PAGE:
Fox News personality Judge Andrew Napolitano responded with confusion to President Trump’s Saturday night tweetstorm to Napolitano’s “stupid” legal analysis accusing the president of possible obstruction of justice.

Per Hot Air:

Whom do we believe about whether Napolitano “asked” Trump to appoint him to the Supreme Court, Trump or the judge? Politico reported more than two years ago that Napolitano had been telling friends that he was on the president’s Supreme Court shortlist, an unlikely possibility given his age and relatively limited experience (eight years as a state court judge in New Jersey). The fact that he was chattering excitedly about it to confidants suggests that he really was lobbying POTUS for the job, possibly believing — and not without reason — that in Trump’s eyes the highest legal credential one could achieve in the United States is professional law bloviator on Fox News. Napolitano’s account of his conversations with Trump in the clip below casts their chats in a different light, though. Supposedly Trump was sounding him out about Supreme Court appointments, Napolitano mentioned Gorsuch, and then Trump started nudging the judge to make the pitch for himself. That *does* sound Trumpy, partly ingratiating himself to his audience, partly enjoying the spectacle of a courtier asking him for a job. Napolitano might have walked out of there sincerely believing he was on the shortlist.

And you know what? Maybe he was, until Trump mentioned it to Don McGahn and Leonard Leo and they side-eyed each other and politely told him that they wouldn’t be doing that.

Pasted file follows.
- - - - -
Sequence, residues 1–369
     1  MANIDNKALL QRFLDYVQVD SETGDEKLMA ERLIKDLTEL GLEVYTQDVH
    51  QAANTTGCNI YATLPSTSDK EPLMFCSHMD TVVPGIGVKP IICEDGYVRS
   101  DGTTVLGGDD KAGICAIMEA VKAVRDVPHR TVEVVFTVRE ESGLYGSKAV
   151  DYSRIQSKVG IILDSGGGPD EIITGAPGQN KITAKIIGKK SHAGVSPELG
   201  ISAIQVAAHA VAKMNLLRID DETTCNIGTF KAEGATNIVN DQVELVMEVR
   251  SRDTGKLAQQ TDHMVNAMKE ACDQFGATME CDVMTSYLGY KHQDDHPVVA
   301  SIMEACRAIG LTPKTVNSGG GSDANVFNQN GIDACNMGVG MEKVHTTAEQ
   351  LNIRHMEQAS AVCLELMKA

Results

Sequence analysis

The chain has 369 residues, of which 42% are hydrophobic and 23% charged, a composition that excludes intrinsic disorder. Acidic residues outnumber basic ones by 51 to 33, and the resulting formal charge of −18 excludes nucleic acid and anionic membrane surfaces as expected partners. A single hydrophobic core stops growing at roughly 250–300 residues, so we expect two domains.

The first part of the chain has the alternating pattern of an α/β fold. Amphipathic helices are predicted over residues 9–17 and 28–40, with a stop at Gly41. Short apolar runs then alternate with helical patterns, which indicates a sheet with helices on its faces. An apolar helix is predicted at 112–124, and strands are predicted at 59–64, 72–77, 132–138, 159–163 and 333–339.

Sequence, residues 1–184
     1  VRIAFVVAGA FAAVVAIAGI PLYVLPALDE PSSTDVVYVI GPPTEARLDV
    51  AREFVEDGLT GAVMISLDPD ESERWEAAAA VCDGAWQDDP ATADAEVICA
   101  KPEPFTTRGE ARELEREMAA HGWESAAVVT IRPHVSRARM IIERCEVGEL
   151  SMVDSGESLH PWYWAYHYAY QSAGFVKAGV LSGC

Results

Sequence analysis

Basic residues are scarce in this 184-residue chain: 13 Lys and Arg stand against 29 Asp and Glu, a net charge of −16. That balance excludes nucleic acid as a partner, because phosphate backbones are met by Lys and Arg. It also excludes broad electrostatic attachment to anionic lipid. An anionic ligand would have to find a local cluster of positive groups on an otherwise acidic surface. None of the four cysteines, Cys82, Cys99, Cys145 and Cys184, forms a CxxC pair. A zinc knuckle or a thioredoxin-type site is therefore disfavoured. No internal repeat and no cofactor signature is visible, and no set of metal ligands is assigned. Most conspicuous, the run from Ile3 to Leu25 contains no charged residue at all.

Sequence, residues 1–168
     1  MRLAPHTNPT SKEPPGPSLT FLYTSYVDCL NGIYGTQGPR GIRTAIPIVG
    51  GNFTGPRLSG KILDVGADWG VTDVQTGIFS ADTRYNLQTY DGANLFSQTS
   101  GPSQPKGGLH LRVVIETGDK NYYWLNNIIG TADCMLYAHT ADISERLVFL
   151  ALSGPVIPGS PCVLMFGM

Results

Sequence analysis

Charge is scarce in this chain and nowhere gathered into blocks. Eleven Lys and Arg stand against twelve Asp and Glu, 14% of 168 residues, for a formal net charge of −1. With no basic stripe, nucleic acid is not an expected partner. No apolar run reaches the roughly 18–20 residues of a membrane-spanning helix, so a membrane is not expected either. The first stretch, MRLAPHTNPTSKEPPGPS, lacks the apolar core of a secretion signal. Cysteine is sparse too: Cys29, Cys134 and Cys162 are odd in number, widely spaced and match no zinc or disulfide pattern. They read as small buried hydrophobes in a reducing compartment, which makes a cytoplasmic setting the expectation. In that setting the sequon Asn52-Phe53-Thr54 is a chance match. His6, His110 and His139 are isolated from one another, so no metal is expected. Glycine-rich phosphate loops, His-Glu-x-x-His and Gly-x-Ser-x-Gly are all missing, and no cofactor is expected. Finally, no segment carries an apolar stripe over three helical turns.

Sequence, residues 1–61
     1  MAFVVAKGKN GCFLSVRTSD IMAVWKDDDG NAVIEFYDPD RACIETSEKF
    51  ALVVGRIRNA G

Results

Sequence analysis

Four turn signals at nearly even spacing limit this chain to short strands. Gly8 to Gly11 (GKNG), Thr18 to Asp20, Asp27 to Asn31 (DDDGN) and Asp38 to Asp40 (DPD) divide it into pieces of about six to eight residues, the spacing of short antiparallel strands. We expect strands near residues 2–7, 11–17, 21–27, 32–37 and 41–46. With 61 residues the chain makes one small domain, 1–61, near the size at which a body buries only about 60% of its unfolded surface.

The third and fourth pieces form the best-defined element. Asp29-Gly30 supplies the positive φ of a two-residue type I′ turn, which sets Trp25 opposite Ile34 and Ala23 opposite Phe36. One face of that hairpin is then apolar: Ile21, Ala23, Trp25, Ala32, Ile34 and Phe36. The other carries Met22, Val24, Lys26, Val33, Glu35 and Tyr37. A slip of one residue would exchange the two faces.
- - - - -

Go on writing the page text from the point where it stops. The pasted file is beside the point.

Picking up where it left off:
The dispute over the pardon is more interesting, especially since I feel like it should be relatively easy to figure out who their mutual acquaintance is. How many friends in common could Trump and Napolitano have who have been convicted of a federal crime? Anyway, Trump says the judge pitched him on pardoning their friend but Napolitano says it was more like the opposite, with the judge insisting that their friend had been justly convicted and Trump objecting. And then the judge says something interesting: “He said ‘You know this person as well as I do. Call this person up and tell this person he’s going to be on the list of pardons that I will seriously consider.’” That resembles some of the obstruction allegations in Mueller’s report, with Trump using go-betweens to carry messages and hinting at pardons for the likes of Paul Manafort while he was under pressure by the special counsel to cooperate. Anti-Trumpers on Twitter have noticed:


We can’t know if Trump was “dangling” a pardon until we know who their mutual friend was, though. “Dangling” in this context means using the prospect of a pardon to induce someone who’s in criminal jeopardy not to provide information to the feds. If John Doe has been indicted and possesses evidence that the president committed a crime, the president could try to get a message to him that his silence will earn him total freedom via a pardon. That would be obstruction, a corrupt quid pro quo to hide evidence from the DOJ. But without knowing who John Doe is here, there’s no reason to think he had dirt on Trump or on anyone else. In fact, based on Napolitano’s recollection that he and Trump had these conversations during the transition period after the election, it’s a cinch that John Doe isn’t connected to Russiagate. Trump was probably just looking to impress his courtier, deputizing Napolitano to remind their friend that Trump would soon have the supreme power to dissolve his criminal record. There’s no reason to believe there was a quid pro quo.

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